Many people live unhappy lives in depression, constant anxiety and poor self-worth. In a show of ungratefulness, some people don’t like who they are: how they look like, their jobs, their achievements; they would rather they are like other people.
If we accept that God created us differently – each of us with special features and gifts to accomplice our respective purposes that should not be the case. We will rather be grateful, singing His praises that we are alive.
As Cameron Gordon, a happiness and self-development notes, the phrase “self-love” is more common in today’s vocabulary than ever before. Social Media has especially drawn a spotlight on this now colloquially used concept, which ultimately encourages people to not only accept—but love—themselves for who they are.
Gordon continues: Moreover, many outspoken celebrities and self-love advocates have enabled pop culture to create a snowball effect, generating popularity to the idea of “self-love” and all that it embodies.
Though embracing your physical-self is undoubtedly important, loving your inner-self is arguably even more so.
Consequently, the act of being self-compassionate toward who we are on the inside can prove more challenging than striving for self-love with the physical body we occupy. Self-compassion embodies the idea of self-love, but it strides to be a love more profound than what sits at surface-level—it reaches to the core of who we are underneath it all.
What is self-compassion?
Self-compassion expert Kristin Neff defines this concept in three basic components:
Mindfulness (maintaining a balanced perspective in the midst of struggle)
Common humanity (acknowledging that struggling is a shared part of the human experience)
Self-kindness (responding to oneself with care and understanding when struggling)
Through examining self-compassion in the light of these three different lenses, it can be easier to break down and apply into our daily lives—which is something that psychologists strongly urge.
What the experts say:
Recent research overwhelmingly supports the fact that being self-compassionate is directly linked to positive mental health. In fact, studies show that self-compassion can even “promote well-being following treatment for a serious, life-threatening illness.”
Furthermore, psychologists have found that adolescents who practice self-compassion report “less depression, anxiety, and stress, less engagement in self-injurious behavior and fewer suicide attempts.” The use of self-compassion even held reports of diminishing substance abuse rates and overall feelings of failure as well.
With the exponential list of researched-backed benefits of incorporating self-compassion into our daily lives, the case for why we should be self-compassionate seems sound.
Yet, many of us don’t know where to start on the long journey of starting to love ourselves, truly from the inside out. Fortunately, self-compassion is a learnable trait—and the payoffs are well worth the effort of building this skill into our daily routine.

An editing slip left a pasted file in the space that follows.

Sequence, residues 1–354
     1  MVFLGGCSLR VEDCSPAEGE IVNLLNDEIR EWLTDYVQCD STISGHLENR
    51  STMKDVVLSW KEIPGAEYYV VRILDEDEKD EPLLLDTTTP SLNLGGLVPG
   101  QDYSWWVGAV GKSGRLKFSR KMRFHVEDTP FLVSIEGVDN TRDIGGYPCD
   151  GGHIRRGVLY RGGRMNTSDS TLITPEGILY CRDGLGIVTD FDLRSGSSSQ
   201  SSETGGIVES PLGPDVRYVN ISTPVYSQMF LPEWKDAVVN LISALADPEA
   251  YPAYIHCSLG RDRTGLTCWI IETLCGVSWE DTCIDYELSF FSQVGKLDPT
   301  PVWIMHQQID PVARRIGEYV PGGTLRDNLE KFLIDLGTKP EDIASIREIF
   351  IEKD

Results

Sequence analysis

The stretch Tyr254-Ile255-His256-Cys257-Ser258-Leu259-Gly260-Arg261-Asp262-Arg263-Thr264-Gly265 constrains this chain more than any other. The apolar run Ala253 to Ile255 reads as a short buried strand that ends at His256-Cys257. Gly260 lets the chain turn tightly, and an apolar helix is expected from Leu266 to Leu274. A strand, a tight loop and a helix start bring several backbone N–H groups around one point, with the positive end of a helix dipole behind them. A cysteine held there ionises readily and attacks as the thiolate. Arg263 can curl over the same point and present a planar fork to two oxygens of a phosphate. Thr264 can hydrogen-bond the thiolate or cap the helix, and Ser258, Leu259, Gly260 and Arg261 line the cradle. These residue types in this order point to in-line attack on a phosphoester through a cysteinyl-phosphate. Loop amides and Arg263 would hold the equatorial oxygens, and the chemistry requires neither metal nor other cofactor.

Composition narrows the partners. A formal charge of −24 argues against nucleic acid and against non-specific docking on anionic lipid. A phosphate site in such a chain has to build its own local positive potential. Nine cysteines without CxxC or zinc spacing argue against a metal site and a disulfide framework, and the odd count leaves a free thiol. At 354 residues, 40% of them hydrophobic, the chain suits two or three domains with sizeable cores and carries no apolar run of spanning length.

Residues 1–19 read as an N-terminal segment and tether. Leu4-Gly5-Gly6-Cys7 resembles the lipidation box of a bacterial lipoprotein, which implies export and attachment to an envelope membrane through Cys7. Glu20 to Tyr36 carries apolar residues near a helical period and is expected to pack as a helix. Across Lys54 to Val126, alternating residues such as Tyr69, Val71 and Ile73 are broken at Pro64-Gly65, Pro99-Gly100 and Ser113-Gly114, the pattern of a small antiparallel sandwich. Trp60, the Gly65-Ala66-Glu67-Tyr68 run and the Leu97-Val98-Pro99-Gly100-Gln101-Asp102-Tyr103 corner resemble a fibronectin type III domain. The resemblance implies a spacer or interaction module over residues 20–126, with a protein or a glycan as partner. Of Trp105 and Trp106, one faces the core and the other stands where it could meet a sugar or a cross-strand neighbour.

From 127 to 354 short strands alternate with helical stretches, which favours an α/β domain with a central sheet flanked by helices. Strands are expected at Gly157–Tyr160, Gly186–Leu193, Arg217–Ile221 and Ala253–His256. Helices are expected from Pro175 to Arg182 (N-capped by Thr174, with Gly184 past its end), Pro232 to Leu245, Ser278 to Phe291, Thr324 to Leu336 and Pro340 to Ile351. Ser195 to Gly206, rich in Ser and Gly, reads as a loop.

Becoming more self-compassionate.
Harvard Health recommends the following tools to foster a habit of showing compassion toward yourself, congruently strengthening general mental health in the long run:
Comfort your body: Whether this means doing some stretching, bundling yourself up on the couch in a fluffy blanket, eating something healthy, or simply taking a nice stroll, making your body feel physically good is itself an act of self-compassion.
Write a letter to yourself.
Create a narrative of your life or simply recall an event that needs to be put to rest. By writing out your feelings, you can leave them on the paper—validating their existence, yet at the same time releasing them from preoccupying your mind.
Give yourself encouragement: An easy way to learn to treat yourself with the compassion you deserve is to treat yourself as you would a friend or close family member. Give yourself the love and support you would offer them if they were in the same situation you were.
Practice mindfulness: Meditation has been found to improve overall-mental health, especially in relieving stress and anxiety. By taking the time to allow our body to relieve itself from stress, we are at the same time practicing self-compassion.
Reminding ourselves who God says we are: Some experts also say that telling ourselves who God says we are and can do, as well as His promises, boost our self-worth and confidence.
According to experts, in the process of cultivating the much-needed skill of showing ourselves compassion, we also string along a whole other list of benefits, such as strengthening our resilience, learning to cope in a healthy way, and improving our overall emotional well-being.
“Loving oneself is a skill that takes time to perfect, however, the act of being compassionate to oneself is hardly every perfect,” Gordon says. “Perfection is not the intended goal though—it’s all in the practice, and though each act of compassion toward ourselves may feel small, they are the building blocks for a strong foundation of falling in love with who we are—and all that we can be.”